Monday, May 6, 2013

The Great Gatsby

    The Great Gatsby, by F. Scott Fitzgerald, was published in 1925. It's considered to be The greatest American novel, and is truly a masterpiece. Elegantly written, it is a spare 180 pages long, depending on what edition you read. It's narrated by Nick Carraway, who spends a summer on Long Island with his beautiful cousin Daisy and her husband, Tom Buchanan. They are old monied, East Coast upper class; and their neighbor, Jay Gatsby lives a lavish lifestyle that comes from bootlegging. Gatsby, who has been in love with Daisy since before the war (WWI) buys a house across the water from the Buchanans. The green light at the end of their dock on the North Shore is an image for the status that Gatsby could never attain.
    The Great Gatsby only sold 21,000 copies when it was published, and by 1937, it wasn't on a single bookstore shelf. Currently, it is the Number 1 book on It is taught in just about every high school in the United States, an irony that F. Scott would deeply appreciate. By the time he died alone in his apartment in Hollywood in 1940, his royalties for the year totaled $13.30. He was a broken man who couldn't even sell a script.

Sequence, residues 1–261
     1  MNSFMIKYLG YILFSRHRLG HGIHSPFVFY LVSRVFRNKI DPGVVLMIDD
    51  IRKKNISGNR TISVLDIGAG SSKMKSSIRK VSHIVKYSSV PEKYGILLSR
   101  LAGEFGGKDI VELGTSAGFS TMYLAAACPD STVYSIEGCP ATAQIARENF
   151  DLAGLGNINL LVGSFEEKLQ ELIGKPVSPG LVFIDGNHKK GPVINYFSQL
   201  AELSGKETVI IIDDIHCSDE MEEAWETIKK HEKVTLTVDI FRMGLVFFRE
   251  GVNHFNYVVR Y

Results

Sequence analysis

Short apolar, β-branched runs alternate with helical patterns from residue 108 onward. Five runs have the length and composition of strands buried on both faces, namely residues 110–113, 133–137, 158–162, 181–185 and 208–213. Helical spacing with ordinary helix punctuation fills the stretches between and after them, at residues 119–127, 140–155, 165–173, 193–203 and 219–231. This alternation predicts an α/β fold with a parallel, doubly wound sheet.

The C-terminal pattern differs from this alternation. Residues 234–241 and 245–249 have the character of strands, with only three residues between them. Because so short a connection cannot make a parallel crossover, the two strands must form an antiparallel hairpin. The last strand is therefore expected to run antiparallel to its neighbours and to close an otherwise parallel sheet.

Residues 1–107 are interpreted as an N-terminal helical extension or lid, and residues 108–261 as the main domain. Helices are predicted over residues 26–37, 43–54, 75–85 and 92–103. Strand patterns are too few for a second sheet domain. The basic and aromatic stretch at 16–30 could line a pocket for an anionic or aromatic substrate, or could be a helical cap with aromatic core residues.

There have been several movie versions of the book, and the current one, which opens on May 10th is in 3D, and stars Leonardo Dicaprio, Tobey Maguire, and Carey Mulligan. I will definitely be there, and am hoping for the best. I hope it's a dazzling testament to this brilliant book.

1 comment:

  1. Dear Ruby,

    Such a wonderful post & a delight to read. We share the Great Expectations for the new film version of this ageless story!

    Best Regards,